The Fall of the House of Usher is one of Edgar Allen Poe’s most famous stories. And Netflix series is far from the first adaption. Of course, Roger Corman’s House of Usher occupies a place in the pop culture zeitgeist, with Vincent Prince an undeniably high point. However, this new series does something different by offering a modern spin more reminiscent of American Horror Story than the dreary, Gothic landscape thought up by Poe.
In creator, writer, and director Mike Flanagan’s version, Roderick Usher (Bruce Greenwood) isn’t just a sickly recluse in a dilapidated mansion; he’s also the corrupt owner of a pharmaceutical company. His twin sister, Madeline (Mary McDonnell), remains a similarity, but Roderick also has a host of children who begin dying in mysterious ways. While The Fall of the House of Usher is the throughline, it’s not the only Poe story spotlighted, resulting in some significant differences from the source material.
Fall of the House of Usher Changes Plot Details
Edgar Allan Poe published “The Fall of the House of Usher” in 1839. As a short story, Flanagan takes liberties to stretch it across eight episodes. Yet, the plot stays relatively intact. In Poe’s story, Roderick Usher summons his friend and unnamed narrator to his deteriorating mansion to cheer him up. The nature of Roderick’s illness isn’t specified, but his twin sister, Madeline, also suffers from it. When Madeline succumbs to her disease, the narrator helps Roderick bury his sister in the family tomb. Only after metallic banging and the expected creepy imagery does the narrator learn Roderick buried Madeline alive. She kills Roderick, and the mansion poetically crumbles around them.
Like much of Poe’s work, the details are sparse. What illness do the twins have? What were their lives like before the narrator’s arrival? Why exactly does Roderick bury Madeline alive? We don’t know. Poe never elaborates, but Flanagan does. In Netflix’s The Fall of the House of Usher, Roderick and Madeline are also twins. Much like his book counterpart, Roderick falls ill (a disease Flanagan specifies as a form of hereditary dementia). While Auggie (Carl Lumbly) certainly isn’t his friend, Roderick has similar in-depth conversations. Instead of music and romance novels, the subject matter just involves murder and the deal he and Madeline brokered with a Devil-like creature.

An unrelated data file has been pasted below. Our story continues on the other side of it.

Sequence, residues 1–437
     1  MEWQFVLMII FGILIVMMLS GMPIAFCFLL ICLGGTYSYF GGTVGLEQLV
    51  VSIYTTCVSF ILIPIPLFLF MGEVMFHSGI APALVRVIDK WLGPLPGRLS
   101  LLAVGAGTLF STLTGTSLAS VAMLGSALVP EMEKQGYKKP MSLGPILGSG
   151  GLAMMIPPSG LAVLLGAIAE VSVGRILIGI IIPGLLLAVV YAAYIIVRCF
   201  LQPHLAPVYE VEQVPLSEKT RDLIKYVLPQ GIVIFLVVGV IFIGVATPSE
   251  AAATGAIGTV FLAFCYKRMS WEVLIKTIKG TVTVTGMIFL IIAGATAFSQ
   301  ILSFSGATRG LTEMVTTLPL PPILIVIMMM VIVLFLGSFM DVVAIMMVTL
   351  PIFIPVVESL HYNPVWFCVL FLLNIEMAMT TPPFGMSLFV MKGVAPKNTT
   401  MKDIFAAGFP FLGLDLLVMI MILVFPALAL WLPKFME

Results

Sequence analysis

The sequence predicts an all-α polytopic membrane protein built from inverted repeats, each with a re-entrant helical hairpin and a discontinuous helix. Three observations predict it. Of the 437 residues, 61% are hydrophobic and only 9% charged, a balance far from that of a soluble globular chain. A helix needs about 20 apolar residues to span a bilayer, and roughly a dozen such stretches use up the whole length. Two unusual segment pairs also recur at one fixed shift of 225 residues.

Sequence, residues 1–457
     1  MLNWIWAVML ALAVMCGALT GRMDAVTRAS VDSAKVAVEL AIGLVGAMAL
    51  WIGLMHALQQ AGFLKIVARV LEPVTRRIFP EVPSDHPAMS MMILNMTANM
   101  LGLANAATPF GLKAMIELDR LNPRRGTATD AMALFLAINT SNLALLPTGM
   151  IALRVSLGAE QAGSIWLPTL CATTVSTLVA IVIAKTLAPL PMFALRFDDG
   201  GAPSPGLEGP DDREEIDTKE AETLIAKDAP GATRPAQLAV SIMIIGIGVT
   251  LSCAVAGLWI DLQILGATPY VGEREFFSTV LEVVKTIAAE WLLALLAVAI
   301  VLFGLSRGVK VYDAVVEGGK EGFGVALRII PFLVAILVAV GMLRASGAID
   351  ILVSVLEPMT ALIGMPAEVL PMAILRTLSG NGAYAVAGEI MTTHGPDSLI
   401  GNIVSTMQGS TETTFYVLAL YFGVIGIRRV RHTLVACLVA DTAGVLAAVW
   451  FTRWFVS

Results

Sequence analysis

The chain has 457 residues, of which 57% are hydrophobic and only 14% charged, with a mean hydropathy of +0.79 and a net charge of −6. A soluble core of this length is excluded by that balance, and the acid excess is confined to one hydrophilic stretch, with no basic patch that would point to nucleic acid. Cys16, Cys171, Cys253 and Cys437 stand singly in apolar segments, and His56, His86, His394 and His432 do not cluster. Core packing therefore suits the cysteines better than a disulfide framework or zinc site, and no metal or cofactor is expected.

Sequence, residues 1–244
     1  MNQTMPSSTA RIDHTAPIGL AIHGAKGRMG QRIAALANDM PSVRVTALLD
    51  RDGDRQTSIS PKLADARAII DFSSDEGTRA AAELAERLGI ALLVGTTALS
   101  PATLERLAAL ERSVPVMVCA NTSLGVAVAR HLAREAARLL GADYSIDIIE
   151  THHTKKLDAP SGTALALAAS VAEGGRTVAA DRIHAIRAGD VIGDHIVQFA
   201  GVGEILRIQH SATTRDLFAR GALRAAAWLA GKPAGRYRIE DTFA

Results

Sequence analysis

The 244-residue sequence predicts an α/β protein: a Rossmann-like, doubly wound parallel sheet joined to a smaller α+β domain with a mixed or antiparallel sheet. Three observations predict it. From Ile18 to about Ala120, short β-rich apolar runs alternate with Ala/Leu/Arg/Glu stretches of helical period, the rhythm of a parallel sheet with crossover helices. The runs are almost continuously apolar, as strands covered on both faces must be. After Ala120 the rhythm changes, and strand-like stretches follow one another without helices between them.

Roderick’s eventual attempt to kill and “honor” Madeline backfires, and she returns to murder him as their neglected childhood home collapses around them. It puts the same poetic punctuation on the Ushers while also exploring themes like madness and mortality. Greed becomes another prominent talking point. However, that piece of the pie comes from a Poe story that has nothing to do with the Ushers.
The Cask of Amontillado Gives the Usher Twins Backstory
The Fall of the House of Usher doesn’t limit itself to just its titular inspiration. Instead, the narrative tackles many of Poe’s most popular stories, from “The Black Cat” to “The Tell-Tale Heart.” When it comes to Roderick and Madeline, though, “The Cask of the Amontillado” arguably plays the most significant role.
Unlike the mostly backstory-less characters in the original, these versions of Roderick and Madeline earned their riches by taking over Fortunato, an opioid-producing company with a history as corrupt and soulless as the twins themselves. There are some messy family dynamics at play. Roderick and Madeline are the “bastards” of Fortunato’s founder. After his death, they become focused on reclaiming the company, which just so happens to involve them entombing the current head honcho behind a brick wall.
From jester masks to fancy wine, the incident closely mirrors “The Cask of the Amontillado.” Published in 1846, it’s a revenge tale at its finest. The company name, Fortunato, harkens to the story’s antagonist, who finds himself being bricked behind a wall. To be fair, “antagonist” might not be the most fitting term. It all depends on perspective. After all, the man laying the bricks is antagonistic from the right angle. Netflix’s The Fall of the House of Usher changes demand the same questions of Roderick and Madeline, motivating them to agree to Verna’s (Carla Gugino) deal in the first place.
Roderick Usher Has a Much Bigger Family
Poe declares Roderick Usher the last man in the Usher line. In the Netflix series, he ultimately becomes that, too, but only after the deaths of his children. While Poe’s Roderick had no heirs, Flanagan’s has six kids (from five different mothers) and a granddaughter.
Darker themes of sibling incest lurk in the pages of Poe’s story. Flanagan strays from the taboo implication entirely while still exploring it in his own way. Roderick and Madeline might not be sexually involved, but they are dangerously entwined. Even with its changes, The Fall of the House of Usher follows two siblings with love and ambition so consuming they are willing to broker a deadly deal at the expense of future generations.
The Fall of the House of Usher is now available on Netflix.